St Catherine's Hehs Earns NFHS Honor

By Geoff Kimmerly senior editor

January 25, 2021

Longtime Detroit-area girls tennis coach Judy Hehs has been named one of 23 National Coaches of the Year for 2019-20 by the National Federation of State High School Associations (NHFS) Coaches Association.

Hehs was selected first at the state level and then from among the eight sections that make up the NFHS – Michigan is part of Section 4 with Illinois, Indiana, Iowa and Wisconsin. She previously had been named national Coach of the Year for girls tennis for 2014-15.

The following brief bio includes an excerpt from Hehs’ coaching philosophy, which nominees were asked to submit after being identified as candidates for the awards.

Judy Hehs coached girls tennis at Bloomfield Hills Academy of the Sacred Heart from Fall 1996 through Spring 2019 and served as co-coach of six MHSAA Lower Peninsula Division 4 championship teams over her last eight seasons with the program. She was slated to coach the girls team at Wixom St. Catherine in Spring 2020, but that season was canceled due to COVID-19. She also coached Sacred Heart’s varsity girls basketball team from 1988-95 and two sports at Detroit Country Day – field hockey in fall 1987 and then junior varsity boys tennis (while also serving as the varsity assistant) from spring 1988-2000. Hehs was inducted in 2015 into the Michigan High School Tennis Coaches Association Hall of Fame and her girls tennis teams have a record of 169-80-18. She is principal at Wixom St. Catherine and in her 34th year as an educator.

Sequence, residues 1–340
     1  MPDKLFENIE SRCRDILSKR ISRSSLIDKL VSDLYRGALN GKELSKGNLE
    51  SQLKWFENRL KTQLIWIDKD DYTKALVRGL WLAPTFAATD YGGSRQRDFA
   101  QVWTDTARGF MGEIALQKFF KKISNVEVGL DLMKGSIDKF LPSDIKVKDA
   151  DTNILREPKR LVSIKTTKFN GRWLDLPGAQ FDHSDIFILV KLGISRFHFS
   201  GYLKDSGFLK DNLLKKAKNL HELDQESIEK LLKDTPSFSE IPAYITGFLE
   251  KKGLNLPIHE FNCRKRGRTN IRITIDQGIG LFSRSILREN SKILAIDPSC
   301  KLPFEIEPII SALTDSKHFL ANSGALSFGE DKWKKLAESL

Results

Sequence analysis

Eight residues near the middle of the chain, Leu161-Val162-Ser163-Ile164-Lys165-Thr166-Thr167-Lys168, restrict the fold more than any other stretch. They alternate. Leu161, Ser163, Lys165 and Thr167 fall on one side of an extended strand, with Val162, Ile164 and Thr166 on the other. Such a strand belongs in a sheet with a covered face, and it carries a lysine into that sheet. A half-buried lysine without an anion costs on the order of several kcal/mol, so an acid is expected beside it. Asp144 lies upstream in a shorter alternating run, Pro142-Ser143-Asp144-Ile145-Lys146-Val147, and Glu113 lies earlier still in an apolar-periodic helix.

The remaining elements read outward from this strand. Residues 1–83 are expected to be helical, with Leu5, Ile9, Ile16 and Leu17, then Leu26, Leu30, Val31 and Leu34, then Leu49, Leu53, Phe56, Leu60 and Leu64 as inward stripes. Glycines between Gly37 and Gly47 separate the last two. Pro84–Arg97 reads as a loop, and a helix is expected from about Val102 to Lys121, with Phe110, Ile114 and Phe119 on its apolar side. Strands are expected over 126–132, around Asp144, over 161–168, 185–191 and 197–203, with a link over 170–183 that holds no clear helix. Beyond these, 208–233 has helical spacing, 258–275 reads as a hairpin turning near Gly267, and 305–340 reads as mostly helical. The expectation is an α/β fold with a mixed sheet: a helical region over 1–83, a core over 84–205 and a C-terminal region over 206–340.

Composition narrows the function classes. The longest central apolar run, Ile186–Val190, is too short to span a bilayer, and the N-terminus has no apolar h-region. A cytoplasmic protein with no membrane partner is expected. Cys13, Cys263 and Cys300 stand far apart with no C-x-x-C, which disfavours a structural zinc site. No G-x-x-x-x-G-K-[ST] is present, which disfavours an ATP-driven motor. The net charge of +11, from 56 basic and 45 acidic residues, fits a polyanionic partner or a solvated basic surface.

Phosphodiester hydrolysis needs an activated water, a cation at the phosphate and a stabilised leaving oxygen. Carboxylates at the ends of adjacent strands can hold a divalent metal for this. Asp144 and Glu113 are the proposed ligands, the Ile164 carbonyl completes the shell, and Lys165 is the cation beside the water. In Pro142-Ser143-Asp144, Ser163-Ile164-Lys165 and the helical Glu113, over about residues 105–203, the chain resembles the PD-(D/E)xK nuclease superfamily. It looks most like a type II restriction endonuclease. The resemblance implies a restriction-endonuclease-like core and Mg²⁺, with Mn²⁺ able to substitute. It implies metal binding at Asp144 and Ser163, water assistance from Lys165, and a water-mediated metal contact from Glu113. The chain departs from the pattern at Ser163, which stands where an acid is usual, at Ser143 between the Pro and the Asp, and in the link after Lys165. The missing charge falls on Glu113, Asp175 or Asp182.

“Let me share my ‘why do I coach’ philosophy: Do I coach to ‘give back?’ Do I coach to ‘make a difference?’ Do I coach for ‘selfish reasons?’ Do I coach because I ‘love it?’ I coach for all those reasons and more. The tennis court is my classroom now; it’s the place where I can teach tennis and valuable life lessons. The challenge isn’t in making great tennis players. It is about building great people. And building great people doesn’t mean we’re looking at wins and losses. Don’t get me wrong, winning is great and fun and helps to build a great team and program. But there is no better place than a tennis court to teach real life lessons – lessons about work ethic, teamwork, problem solving, independence, and the moment when effort turns into belief and belief turns into accomplishment. Athletics is a vehicle to becoming a better version of one’s self. I believe that participating in athletics can change lives, and not just the lives of the athletes whom we coach, but also the person whom we become through coaching. I had coaches in a variety of sports from elementary school through college who inspired me and motivated me to become a better version of myself. Every time I step on that tennis court, I hope to be that person in the lives of my players who inspires and motivates, and helps them become better versions of themselves. That’s why I coach.”